• Refine Query
  • Source
  • Publication year
  • to
  • Language
  • 4
  • Tagged with
  • 4
  • 4
  • 4
  • 4
  • 4
  • 2
  • 2
  • 2
  • 2
  • About
  • The Global ETD Search service is a free service for researchers to find electronic theses and dissertations. This service is provided by the Networked Digital Library of Theses and Dissertations.
    Our metadata is collected from universities around the world. If you manage a university/consortium/country archive and want to be added, details can be found on the NDLTD website.
1

Large-scale Peer-to-peer Streaming: Modeling, Measurements, and Optimizing Solutions

Wu, Chuan 26 February 2009 (has links)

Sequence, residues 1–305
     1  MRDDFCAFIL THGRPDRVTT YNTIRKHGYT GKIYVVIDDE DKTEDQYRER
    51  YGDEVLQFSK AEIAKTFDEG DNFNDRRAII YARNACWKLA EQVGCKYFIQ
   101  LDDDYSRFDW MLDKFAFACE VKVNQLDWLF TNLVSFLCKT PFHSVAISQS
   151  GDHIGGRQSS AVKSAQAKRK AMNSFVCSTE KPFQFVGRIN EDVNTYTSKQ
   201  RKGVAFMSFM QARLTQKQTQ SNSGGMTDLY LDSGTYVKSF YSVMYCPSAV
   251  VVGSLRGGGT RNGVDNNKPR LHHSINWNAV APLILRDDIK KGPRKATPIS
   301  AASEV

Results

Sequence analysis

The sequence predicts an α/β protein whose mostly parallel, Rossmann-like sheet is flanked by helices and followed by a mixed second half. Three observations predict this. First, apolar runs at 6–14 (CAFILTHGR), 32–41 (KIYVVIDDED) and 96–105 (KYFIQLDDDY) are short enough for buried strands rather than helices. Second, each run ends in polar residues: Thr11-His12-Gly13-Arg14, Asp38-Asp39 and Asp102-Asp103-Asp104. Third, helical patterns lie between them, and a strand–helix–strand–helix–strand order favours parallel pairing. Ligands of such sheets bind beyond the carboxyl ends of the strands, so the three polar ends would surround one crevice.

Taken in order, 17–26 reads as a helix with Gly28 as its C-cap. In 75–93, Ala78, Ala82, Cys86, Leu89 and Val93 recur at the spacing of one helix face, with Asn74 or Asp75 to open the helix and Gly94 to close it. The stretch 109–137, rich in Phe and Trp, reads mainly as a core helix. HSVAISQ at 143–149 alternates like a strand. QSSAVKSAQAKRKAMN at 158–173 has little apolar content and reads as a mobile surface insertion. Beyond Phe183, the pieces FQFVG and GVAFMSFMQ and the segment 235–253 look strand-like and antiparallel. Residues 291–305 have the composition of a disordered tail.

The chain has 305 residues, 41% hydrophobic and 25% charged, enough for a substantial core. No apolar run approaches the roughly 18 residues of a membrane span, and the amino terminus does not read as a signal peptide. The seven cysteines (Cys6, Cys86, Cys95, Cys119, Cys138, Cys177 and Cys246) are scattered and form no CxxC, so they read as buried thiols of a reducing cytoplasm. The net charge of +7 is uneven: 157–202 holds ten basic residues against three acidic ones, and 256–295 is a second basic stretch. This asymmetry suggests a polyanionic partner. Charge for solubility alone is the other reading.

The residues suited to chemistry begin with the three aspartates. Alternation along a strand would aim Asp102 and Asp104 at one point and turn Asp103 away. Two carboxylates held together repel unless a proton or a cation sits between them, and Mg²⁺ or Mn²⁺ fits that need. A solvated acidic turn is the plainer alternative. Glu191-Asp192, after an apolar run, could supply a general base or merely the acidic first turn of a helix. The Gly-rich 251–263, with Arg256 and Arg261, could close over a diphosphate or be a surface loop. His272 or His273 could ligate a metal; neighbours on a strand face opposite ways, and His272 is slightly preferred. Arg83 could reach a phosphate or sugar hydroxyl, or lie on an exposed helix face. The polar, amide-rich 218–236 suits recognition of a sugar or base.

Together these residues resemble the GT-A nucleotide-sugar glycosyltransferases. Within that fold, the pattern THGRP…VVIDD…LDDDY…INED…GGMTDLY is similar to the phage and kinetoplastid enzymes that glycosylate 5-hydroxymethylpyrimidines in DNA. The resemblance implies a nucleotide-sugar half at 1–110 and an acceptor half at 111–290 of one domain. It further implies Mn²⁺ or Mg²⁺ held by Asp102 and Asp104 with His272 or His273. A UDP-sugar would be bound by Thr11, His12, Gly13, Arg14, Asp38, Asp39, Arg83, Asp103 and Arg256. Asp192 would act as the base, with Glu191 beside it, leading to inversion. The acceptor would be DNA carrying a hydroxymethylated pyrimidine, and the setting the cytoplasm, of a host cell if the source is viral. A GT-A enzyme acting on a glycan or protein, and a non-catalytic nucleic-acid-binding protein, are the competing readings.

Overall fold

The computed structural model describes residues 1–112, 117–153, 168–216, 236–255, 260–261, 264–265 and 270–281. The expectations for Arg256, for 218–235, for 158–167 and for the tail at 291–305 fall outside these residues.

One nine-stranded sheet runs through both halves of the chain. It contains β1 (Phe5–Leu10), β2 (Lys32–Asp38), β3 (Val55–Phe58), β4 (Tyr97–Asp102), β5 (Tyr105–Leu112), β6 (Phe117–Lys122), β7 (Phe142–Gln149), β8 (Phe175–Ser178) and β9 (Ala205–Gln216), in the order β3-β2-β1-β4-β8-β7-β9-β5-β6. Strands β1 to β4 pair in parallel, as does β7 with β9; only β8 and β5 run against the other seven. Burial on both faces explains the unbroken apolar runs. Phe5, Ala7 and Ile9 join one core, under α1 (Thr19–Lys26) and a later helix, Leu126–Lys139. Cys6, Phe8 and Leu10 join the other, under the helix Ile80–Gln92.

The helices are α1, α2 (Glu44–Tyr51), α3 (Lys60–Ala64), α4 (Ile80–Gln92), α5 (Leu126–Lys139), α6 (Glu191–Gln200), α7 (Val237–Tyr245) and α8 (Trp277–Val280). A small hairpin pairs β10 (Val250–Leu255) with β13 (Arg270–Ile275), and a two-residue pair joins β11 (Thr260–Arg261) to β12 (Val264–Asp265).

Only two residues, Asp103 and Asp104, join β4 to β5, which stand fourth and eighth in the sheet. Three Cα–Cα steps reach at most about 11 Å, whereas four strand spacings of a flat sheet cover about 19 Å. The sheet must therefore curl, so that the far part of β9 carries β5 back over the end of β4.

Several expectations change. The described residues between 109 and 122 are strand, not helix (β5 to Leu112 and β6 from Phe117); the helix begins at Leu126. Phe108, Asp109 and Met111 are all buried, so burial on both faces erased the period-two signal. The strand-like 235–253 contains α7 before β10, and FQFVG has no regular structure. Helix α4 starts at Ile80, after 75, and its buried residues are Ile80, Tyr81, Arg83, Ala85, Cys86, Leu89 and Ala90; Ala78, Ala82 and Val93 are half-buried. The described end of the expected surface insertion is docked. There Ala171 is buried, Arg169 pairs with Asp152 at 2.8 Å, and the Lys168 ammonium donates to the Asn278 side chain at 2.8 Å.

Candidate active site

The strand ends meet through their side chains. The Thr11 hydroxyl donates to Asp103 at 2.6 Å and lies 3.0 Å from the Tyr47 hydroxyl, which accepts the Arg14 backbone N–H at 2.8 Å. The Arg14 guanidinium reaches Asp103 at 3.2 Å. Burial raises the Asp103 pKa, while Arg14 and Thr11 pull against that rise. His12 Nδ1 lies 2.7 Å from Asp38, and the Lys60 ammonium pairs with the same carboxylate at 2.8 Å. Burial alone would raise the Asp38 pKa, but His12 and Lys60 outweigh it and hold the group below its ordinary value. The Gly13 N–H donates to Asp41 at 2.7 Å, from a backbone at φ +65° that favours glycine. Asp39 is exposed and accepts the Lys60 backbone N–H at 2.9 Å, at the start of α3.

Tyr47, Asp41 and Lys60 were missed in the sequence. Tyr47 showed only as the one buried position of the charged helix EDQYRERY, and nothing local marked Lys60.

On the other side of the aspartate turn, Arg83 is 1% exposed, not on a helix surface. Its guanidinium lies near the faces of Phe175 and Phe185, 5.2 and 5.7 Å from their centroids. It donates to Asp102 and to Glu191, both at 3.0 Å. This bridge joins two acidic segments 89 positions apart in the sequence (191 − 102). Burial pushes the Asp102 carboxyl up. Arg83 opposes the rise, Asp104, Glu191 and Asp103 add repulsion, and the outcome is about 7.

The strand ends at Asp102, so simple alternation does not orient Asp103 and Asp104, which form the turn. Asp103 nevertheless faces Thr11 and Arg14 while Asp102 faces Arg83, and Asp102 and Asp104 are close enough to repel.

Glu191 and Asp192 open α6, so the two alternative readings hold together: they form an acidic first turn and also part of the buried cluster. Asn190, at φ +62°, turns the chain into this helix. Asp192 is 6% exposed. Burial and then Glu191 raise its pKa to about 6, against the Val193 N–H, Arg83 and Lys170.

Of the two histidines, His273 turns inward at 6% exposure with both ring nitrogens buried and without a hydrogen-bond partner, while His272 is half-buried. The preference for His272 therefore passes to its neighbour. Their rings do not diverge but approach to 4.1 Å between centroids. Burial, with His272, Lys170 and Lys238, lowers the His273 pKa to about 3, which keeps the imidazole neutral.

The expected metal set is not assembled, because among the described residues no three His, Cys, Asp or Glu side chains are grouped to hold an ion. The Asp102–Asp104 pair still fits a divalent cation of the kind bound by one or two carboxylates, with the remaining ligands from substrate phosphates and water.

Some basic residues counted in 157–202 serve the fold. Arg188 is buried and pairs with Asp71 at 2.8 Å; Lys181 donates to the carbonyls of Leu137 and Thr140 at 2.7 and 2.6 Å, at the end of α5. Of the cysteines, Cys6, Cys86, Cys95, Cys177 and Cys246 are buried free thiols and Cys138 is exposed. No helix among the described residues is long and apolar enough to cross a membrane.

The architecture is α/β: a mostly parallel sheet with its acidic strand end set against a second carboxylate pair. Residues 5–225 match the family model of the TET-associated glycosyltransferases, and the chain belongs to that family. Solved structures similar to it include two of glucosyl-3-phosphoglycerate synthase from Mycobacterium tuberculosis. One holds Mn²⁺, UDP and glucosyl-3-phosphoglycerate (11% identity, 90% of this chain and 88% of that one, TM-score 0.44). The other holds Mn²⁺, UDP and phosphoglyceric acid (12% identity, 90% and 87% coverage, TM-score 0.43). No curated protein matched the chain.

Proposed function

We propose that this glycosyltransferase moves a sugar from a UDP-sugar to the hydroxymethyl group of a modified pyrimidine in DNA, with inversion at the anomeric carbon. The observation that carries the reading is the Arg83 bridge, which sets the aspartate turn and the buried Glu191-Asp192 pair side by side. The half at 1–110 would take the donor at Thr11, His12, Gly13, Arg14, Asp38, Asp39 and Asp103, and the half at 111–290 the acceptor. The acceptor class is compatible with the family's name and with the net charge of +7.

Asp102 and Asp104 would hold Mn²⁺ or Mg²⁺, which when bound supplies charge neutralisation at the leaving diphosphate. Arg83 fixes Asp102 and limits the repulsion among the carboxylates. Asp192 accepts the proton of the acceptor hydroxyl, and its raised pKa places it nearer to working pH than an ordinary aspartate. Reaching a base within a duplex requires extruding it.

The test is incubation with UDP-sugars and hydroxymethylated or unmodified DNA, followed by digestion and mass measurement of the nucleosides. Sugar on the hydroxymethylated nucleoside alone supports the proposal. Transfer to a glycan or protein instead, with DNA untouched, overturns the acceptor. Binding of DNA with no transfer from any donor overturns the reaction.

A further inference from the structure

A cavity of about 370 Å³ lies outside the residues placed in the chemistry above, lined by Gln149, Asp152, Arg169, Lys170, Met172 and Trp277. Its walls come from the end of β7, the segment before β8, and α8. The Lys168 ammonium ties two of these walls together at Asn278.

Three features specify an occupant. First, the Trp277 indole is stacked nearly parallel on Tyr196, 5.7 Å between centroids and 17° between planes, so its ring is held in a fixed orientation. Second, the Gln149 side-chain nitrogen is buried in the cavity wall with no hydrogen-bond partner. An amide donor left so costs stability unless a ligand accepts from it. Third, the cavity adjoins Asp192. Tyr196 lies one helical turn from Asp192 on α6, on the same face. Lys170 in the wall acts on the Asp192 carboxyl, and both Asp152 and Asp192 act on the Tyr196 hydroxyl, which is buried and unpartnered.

Peer-to-peer streaming has emerged as a killer application in today's Internet, delivering a large variety of live multimedia content to millions of users at any given time with low server cost. Though successfully deployed, the efficiency and optimality of the current peer-to-peer streaming protocols are still less than satisfactory. In this thesis, we investigate optimizing solutions to enhance the performance of the state-of-the-art mesh-based peer-to-peer streaming systems, utilizing both theoretical performance modeling and extensive real-world measurements. First, we model peer-to-peer streaming applications in both the single-overlay and multi-overlay scenarios, based on the solid foundation of optimization and game theories. Using these models, we design efficient and fully decentralized solutions to achieve performance optimization in peer-to-peer streaming. Then, based on a large volume of live measurements from a commercial large-scale peer-to-peer streaming application, we extensively study the real-world performance of peer-to-peer streaming over a long period of time. Highlights of our measurement study include the topological characterization of large-scale streaming meshes, the statistical characterization of inter-peer bandwidth availability, and the investigation of server capacity utilization in peer-to-peer streaming. Utilizing in-depth insights from our measurements, we design practical algorithms that advance the performance of key protocols in peer-to-peer live streaming. We show that our optimizing solutions fulfill their design objectives in various realistic scenarios, using extensive simulations and experiments.